Discussion in 'Electrics, Vacuum, Ignition and ECU' started by Digsy, Nov 4, 2019.
I've two cars with ILS and none of them show these symptoms, maybe just a BMW thing?
the bigger fault was with a VW
two german cars... so I fully expect if / when I try a Mercedes system it will meet my expectations just as much as the others do
taking in mind that electronic components have few if any moving parts they sure are not very reliable, OR CHEAP TO REPLACE . i wonder how many modern headlight systems will still be functioning and if so at what cost at the same ages as the Citroen DS which for its day and even now one could consider useful design , if not tech.
the conflict on the issue i fear is, our (some consumers) desire for more and the makers desire to keep us connected by bungee to the service/parts counter. a scheme i am constantly trying to avoid...
I have once been in a W212 with multibeam LED ILS as a passenger and it was like witchcraft. Want.
i want it to start, stop. be reasonably frugal on fuel. not bankrupt me in parts/materials to see up the road at night whilst maintaining a reasonable legal speed a degree of comfort and warmth. and not to leave me walking unless i had planned to do that. as i get older anything else that malfunctions will likely stay that way wherever i can get away with it.
For everyone debating whether or not adaptive main beam is better or worse than flipping the fingers on your left hand every few seconds - I get it. I also somehow managed to survive an entire thirty years on the roads doing just that.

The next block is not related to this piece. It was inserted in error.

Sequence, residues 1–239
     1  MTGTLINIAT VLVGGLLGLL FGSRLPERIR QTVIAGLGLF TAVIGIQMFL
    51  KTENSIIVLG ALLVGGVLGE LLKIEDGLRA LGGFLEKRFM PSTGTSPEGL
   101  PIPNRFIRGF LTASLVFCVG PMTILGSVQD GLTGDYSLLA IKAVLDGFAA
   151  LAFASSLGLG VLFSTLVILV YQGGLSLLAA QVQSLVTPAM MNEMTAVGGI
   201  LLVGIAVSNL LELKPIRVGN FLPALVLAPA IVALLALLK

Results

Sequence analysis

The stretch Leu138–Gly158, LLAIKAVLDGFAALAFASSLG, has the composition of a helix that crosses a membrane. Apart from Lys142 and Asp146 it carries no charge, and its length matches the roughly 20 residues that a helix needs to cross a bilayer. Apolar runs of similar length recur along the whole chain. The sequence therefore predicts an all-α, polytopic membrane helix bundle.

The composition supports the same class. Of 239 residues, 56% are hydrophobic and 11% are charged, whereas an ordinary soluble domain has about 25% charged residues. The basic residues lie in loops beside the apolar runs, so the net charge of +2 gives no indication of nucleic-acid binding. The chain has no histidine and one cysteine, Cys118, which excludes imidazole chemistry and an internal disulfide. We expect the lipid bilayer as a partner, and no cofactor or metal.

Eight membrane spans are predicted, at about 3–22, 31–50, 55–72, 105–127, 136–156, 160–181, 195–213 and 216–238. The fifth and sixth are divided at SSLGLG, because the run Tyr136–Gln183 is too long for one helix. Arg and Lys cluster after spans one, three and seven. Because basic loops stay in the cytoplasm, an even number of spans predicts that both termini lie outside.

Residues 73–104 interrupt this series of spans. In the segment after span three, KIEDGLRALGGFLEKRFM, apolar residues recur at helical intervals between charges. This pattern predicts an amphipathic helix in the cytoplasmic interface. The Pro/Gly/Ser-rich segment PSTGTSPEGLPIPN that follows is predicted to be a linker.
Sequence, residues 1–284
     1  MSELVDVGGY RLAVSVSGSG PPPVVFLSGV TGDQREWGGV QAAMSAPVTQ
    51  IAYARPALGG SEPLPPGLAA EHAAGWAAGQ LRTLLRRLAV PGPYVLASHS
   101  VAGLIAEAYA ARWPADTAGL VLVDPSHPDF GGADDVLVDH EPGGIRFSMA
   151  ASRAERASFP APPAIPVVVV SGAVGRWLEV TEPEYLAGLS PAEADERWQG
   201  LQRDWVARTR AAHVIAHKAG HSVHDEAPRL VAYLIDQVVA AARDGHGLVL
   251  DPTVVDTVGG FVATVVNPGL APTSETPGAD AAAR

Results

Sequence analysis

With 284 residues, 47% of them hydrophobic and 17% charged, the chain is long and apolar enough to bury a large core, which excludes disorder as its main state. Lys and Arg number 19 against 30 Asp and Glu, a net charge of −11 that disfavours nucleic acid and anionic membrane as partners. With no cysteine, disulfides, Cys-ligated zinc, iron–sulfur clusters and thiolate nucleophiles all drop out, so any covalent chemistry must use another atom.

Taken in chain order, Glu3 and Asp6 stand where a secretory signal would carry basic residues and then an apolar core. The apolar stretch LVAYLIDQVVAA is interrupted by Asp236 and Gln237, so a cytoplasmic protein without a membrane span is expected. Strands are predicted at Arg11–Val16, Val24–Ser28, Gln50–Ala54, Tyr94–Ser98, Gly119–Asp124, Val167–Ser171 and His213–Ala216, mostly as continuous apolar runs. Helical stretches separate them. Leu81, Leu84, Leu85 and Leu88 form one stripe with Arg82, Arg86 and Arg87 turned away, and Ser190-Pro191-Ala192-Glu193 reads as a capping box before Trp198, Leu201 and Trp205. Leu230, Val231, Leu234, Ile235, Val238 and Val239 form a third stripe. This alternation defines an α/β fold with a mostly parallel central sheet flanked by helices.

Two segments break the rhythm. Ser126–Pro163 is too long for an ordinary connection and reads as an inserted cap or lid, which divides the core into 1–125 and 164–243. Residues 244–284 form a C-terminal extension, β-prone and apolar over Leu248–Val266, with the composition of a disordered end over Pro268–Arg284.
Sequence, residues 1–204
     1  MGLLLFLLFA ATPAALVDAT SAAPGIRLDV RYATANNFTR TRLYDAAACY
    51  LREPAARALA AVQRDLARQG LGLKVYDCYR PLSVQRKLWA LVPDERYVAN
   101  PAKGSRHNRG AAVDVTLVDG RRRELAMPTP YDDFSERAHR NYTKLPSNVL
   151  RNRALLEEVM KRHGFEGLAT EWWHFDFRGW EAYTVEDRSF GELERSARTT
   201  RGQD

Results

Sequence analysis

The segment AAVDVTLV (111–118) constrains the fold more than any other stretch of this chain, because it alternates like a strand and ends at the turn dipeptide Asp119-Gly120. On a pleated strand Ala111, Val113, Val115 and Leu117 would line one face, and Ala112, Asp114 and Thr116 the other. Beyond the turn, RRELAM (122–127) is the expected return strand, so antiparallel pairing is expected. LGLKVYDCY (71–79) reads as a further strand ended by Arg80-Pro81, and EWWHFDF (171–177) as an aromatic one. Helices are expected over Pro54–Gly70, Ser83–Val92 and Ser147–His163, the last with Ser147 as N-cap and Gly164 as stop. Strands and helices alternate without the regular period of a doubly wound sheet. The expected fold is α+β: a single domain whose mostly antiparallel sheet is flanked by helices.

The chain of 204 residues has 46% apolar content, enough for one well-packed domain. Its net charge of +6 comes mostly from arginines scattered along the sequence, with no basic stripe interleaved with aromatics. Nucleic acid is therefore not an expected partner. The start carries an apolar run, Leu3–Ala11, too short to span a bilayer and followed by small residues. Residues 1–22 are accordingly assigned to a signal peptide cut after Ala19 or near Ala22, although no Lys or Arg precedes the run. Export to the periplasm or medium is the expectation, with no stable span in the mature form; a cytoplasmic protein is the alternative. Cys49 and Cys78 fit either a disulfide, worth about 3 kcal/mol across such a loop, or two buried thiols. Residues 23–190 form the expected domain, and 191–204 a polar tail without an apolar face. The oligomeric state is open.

However, when I test drove a car with the system I was amazed by it. The first and last few miles of my daily commute are down narrow, twisty country roads where wildlife (some of it very large) has a tendency to walk out in front of oncoming traffic, so I thought it would be a useful real-world device.
In any case, it came as a pre-defined package with the car I bought. Would I have specified it as an option for a new build? Probably not, but as with any tech, if I have it, I want it to work as advertised.
I'm guessing from the responses that what I am experiencing isn't actually a common problem. I will continue to see how things go as the weather gets colder.
you don't say if you disable AC intentionally... it should be always on if you want the car to work the way they designed it
With respect I think if that were the case then there wouldn't be a button to switch it off, unless its purely there for the emissions test However I do usually leave it on, but if I don't it doesn't seem to make much difference to whether the lights work properly or not. For example, over the last few days they have worked perfectly despite the weather being pretty damp and cold.
good luck with that. if i won the lottery i might even look at that myself as an option, in the meantime i regard it as a un necessary expense/probable headache that i can do without. think yr spot on with the button it SHOULD be designed to function correctly off or on maybe next time it goes to dealer the factory service solution will be ,remove switch/insert blank.!